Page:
Listen. Think. Speak. Write.

Wednesday, June 3, 2015

Variety and the imperfect perfection

I used to be a part of a monthly blog hop called the "Insecure Writer's Group" but I'd been letting that slide.  I valued that experience so I'm "hopping" back in. One of the things I've found most valuable over the years is the way in which my writing lessons have connected to life lessons.  Learning a new skill has given me so much perspective on everything else I've already learned, and I'll carry on that perspective today.

Aspiring writers are told to be voracious readers.  Agents, editors, and fellow writers insist that reading improves writing—makes sense, right?  It gives authors an understanding of market and genre, helps them notice concepts of voice and story development which may either subtly or directly influence one's own writing.

Potentially, reading also changes perspective about your own writing. One of the things that happens when you read a lot is that you don't like every book.  You might even hate some.  It's possible you'll even despite a book that everyone in the world things is the best thing ever written.  You might really enjoy a book or an author who "serious" critics say is too formulaic or sophomoric (or YA or fanfic or "trashy" novels). 

The point is, we all have different expectations and different preferences, right?  As a writer, it lets me off the hook a bit.  Perfection is relative ... to what?  Good is relative to what?  Now, that doesn't mean I advocate writing crap, but it's a good reminder.

As a public speaking teacher, I constantly tell my students that good speaking isn't one-size-fits-all.  It's about being an authentic communicator, about your ethos.  You need to be the best YOU possible even if you have some delivery flubs and or your voice is high-pitched.  It may be what audiences most like about you.

The same goes for writing, it goes for your job and your relationships and your art and your music and your bathroom remodel and everything else under the sun.  The more variety you experience, the more you're able to find yourself in the process. 

Your imperfections are an important part of your voice.


  1. Excellent advice and insight. The sheer volume of books out there - successful, well-received books - in countless genres and styles indicate that there is an audience for just about anything. You don't have to fit your work to a particular audience, you need to find your voice, master it and embrace it, then find the audience that will appreciate you.

  2. Love the idea of being "an authentic communicator." It really is often our unique voice that draws people to us.

  3. Reading improves our writing. Someone once told me that reading is like doing homework for writers.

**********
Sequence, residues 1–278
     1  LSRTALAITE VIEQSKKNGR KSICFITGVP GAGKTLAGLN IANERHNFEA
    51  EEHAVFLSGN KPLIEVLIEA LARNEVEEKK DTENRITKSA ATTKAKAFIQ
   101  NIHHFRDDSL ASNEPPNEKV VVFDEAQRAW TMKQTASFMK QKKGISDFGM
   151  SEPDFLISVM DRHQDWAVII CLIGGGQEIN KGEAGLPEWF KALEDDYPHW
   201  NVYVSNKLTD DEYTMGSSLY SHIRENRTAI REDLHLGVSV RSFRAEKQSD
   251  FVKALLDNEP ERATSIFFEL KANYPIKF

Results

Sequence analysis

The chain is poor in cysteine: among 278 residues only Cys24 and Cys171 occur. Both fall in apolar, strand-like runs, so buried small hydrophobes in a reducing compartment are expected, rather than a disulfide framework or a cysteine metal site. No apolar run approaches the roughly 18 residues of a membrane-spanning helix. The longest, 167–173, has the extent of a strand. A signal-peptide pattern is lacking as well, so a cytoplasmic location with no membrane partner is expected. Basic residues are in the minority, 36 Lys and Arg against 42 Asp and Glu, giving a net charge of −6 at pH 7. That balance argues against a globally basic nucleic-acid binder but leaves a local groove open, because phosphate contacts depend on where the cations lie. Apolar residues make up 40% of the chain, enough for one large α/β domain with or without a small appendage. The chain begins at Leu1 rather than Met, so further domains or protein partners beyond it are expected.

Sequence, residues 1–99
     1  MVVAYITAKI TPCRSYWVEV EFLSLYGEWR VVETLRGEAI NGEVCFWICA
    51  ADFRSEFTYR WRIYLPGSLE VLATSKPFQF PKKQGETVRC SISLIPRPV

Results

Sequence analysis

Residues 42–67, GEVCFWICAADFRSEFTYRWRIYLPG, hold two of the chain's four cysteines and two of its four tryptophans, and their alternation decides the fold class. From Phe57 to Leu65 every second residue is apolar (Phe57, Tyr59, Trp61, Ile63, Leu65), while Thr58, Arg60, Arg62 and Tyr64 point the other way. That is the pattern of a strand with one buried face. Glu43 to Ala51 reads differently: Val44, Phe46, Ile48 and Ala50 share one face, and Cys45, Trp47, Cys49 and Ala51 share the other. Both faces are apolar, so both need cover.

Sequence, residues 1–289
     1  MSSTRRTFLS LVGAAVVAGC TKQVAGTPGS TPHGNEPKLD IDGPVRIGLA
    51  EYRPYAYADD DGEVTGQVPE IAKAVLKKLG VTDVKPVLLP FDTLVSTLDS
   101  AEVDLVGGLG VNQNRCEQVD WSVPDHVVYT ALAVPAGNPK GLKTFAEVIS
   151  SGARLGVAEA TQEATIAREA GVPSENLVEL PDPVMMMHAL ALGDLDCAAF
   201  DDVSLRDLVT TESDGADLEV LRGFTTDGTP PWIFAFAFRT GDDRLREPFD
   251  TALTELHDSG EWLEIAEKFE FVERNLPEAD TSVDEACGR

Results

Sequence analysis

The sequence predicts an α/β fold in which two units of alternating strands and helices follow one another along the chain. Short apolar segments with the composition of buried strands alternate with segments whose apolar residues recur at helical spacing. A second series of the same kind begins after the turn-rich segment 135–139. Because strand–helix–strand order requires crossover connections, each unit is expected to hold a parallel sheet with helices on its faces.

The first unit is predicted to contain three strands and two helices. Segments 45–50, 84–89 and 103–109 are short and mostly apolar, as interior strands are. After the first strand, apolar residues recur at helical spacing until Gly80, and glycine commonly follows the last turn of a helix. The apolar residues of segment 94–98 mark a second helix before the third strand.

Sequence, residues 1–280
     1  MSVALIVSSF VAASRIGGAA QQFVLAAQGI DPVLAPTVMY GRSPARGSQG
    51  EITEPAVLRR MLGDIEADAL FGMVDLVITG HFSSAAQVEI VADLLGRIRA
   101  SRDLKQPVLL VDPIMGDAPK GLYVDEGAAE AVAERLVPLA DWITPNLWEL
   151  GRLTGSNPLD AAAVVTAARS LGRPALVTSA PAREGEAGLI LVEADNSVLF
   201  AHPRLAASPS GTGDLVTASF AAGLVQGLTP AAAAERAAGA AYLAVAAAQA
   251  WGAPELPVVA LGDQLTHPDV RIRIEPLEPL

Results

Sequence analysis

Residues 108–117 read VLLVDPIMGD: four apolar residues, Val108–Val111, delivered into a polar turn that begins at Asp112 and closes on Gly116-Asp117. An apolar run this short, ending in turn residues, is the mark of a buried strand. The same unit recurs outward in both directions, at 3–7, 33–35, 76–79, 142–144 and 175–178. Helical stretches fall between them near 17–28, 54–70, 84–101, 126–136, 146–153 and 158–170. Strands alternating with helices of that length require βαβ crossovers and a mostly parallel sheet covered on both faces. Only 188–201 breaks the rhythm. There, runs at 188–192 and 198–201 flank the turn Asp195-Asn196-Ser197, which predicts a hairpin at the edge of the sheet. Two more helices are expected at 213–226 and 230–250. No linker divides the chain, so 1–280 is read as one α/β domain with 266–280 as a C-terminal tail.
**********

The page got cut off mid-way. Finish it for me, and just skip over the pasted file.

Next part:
Rachna Chhabria
    Co-host IWSG
    Rachna's Scriptorium

  4. Nice post! Finding that unique 'voice' and not being afraid to show it has been the key to my contracts. And it won't be a voice everyone will like, if it's original.

  5. I needed to read this today. Great post!

  6. Great post, Tricia! I really needed to read this. I try to remind myself of this all the time, being a perfectionist. Sometimes imperfections are what adds character to a story :)

  7. The best You you can be - great advice. I am a perfectionist by nature and it's hard to turn that off when writing. But I know that all I can do is my very best.
    Welcome back to the IWSG!

  8. Good point! We shouldn't worry about perfection - it's a nebulous concept. We just have to be true to who we are. Nice to meet you via IWSG!

  9. Glad you're rejoining the group. I've only been a member for a few months. New follower here, and I look forward to visiting again!


  10. Thank you all for stopping by! I'm glad to be back. It's a good motivator! Keep on being imperfectly perfect in every way!

  11. This is a wonderful post. I do a fair amount of public speaking in my day job, and I never compared that to finding my voice as an author, but it's true!

    And despising a book everyone else seems to love teaches me a lot about my expectations for readers of my books. Diana Gabaldon says it well: "If you’re going to have more than one person read your book, they’re going to have totally different opinions and responses. No person — no two people — read the same book. It’s always based on their perceptions, their background, their experiences, their expectations of the moment."

  12. I've always been an independent reader--- I've read books that the literature professors said are trash, and some that they recommend. I learn from both.